The operation of the fluidic oscillator 1 means that fluid fuel is intermittently supplied to the fluid fuel discharge line 20 from the left-hand outlet 4. The rate of delivery of the fuel flow to the combustor 18 is therefore modulated in a controlled manner. However, only a proportion of the total fluid fuel supplied to the combustor 18 needs to be modulated. Most of the fluid fuel is therefore supplied directly to the combustor 18 from the fluid fuel source 16 along the second bypass line 32. The amount of fluid fuel supplied directly to the combustor 18 can be controlled either by restrictor 34 if it is made adjustable, or by an adjustable valve (not shown) in series with the restrictor.

FIG. 3 shows an alternative fluidic apparatus similar to that shown in FIG. 2, and like parts have been given the same reference numerals. The fluidic apparatus includes an astable (or “flip-flop”) fluidic oscillator 1′ of the sort referred to above. The fluidic oscillator 1′ includes a supply inlet 2′, a pair of diverging outlets 4, 6 and a control inlet 10′. The fluidic oscillator 1′ does not have a second control inlet and this means that the fluid fuel exits alternately from the left-hand outlet 4 and the right-hand outlet 6 in an asymmetric manner. Flow attachment to the side wall of the right-hand outlet 6 is favored by virtue of the geometry of the pair of diverging outlets relative to the inlet 2′, and the supply jet (not shown) only transfers to the left-hand outlet 4 when a control pressure is applied to the control inlet 10′ through the feedback line 22.

It will be seen from the above description that the fluidic oscillator 1 or 1′ acts to modulate the pressure/rate of delivery of fuel flow into the combustor 18. This can be used to prevent combustion noise frequencies or gas pressure variations from reaching dangerous levels due to being amplified at certain resonance frequencies of the combustion system. The coupling mechanism which is responsible for combustion instability is disrupted, thereby attenuating the variations in the gas pressure which cause the vibration and noise.

It will be understood that each of the elements described above, or two or more together, also may find a useful application in other types of constructions differing from the types described above.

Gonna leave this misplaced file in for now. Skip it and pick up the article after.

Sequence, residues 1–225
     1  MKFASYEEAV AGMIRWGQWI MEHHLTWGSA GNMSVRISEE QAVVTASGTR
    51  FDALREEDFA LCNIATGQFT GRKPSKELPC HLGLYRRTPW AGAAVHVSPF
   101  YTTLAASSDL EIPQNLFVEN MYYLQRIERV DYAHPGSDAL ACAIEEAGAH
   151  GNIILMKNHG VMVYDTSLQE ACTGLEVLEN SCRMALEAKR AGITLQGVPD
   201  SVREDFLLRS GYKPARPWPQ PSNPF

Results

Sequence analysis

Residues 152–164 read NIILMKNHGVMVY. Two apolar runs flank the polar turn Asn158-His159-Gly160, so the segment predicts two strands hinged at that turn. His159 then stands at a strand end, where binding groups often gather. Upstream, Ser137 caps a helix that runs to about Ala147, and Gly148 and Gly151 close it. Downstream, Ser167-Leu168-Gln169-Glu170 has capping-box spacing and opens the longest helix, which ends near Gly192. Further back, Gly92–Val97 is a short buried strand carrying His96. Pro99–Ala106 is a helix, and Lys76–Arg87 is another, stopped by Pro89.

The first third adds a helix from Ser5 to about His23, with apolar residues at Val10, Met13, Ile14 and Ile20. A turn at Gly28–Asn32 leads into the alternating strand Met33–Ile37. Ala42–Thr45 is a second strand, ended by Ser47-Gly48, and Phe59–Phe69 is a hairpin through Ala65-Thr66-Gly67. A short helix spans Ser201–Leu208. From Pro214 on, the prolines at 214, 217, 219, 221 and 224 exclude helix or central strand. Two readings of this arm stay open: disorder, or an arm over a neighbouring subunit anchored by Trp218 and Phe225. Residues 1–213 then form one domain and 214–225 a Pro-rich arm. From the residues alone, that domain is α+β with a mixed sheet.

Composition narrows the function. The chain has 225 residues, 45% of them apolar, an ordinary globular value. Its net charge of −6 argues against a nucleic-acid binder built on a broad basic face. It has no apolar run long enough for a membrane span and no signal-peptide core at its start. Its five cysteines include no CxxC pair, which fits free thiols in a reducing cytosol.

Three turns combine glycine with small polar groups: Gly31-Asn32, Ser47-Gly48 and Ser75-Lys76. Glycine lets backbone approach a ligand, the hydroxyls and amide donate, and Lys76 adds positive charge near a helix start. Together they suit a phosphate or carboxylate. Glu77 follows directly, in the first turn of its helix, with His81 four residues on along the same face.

While the invention has been illustrated and described as embodied in a fluidic control of fuel flow, it is not intended to be limited to the details shown, since various modifications and structural changes may be made without departing in any way from the spirit of the present invention.

Without further analysis, the foregoing will so fully reveal the gist of the present invention that others can, by applying current knowledge, readily adapt it for various applications without omitting features that, from the standpoint of prior art, fairly constitute essential characteristics of the generic or specific aspects of this invention and, therefore, such adaptations should and are intended to be comprehended within the meaning and range of equivalence of the following claims.

What is claimed as new and desired to be protected by Letters Patent is set forth in the appended claims.

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Referenced by
Citing PatentFiling datePublication dateApplicantTitle
US8381530Apr 28, 2009Feb 26, 2013General Electric CompanySystem and method for controlling combustion dynamics
US20090229270 *May 27, 2009Sep 17, 2009Mark Allan HadleyApparatus for controlling combustion device dynamics
US20100092901 *Oct 9, 2009Apr 15, 2010Seiji YoshidaCombustor equipped with air flow rate distribution control mechanism using fluidic element
Classifications
U.S. Classification60/773, 60/39.281
International ClassificationF23R3/28
Cooperative ClassificationF23R3/28, F23R2900/00014, F23D2900/14482, F23R2900/03281, F23K2900/05003
European ClassificationF23R3/28
Legal Events
DateCodeEventDescription
Oct 4, 2012FPAYFee payment
Year of fee payment: 8
Oct 17, 2008FPAYFee payment
Year of fee payment: 4
Dec 6, 2004ASAssignment
Owner name: ALSTOM TECHNOLOGY LTD., SWITZERLAND
Free format text: ASSIGNMENT OF ASSIGNORS INTEREST;ASSIGNOR:ALSTOM (SWITZERLAND) LTD;REEL/FRAME:016055/0760
Effective date: 20041102
Owner name: ALSTOM TECHNOLOGY LTD. BROWN BOVERI STRASSE 7BADEN
Free format text: ASSIGNMENT OF ASSIGNORS INTEREST;ASSIGNOR:ALSTOM (SWITZERLAND) LTD /AR;REEL/FRAME:016055/0760
Jun 3, 2003ASAssignment
Owner name: ALSTOM (SWITZERLAND) LTD, SWITZERLAND
Free format text: ASSIGNMENT OF ASSIGNORS INTEREST;ASSIGNOR:KNIGHT, PETER HOWARD;REEL/FRAME:014135/0797
Effective date: 20030131
Owner name: ALSTOM (SWITZERLAND) LTD BROWN BOVERI STRASSE 7BAD
Free format text: ASSIGNMENT OF ASSIGNORS INTEREST;ASSIGNOR:KNIGHT, PETER HOWARD /AR;REEL/FRAME:014135/0797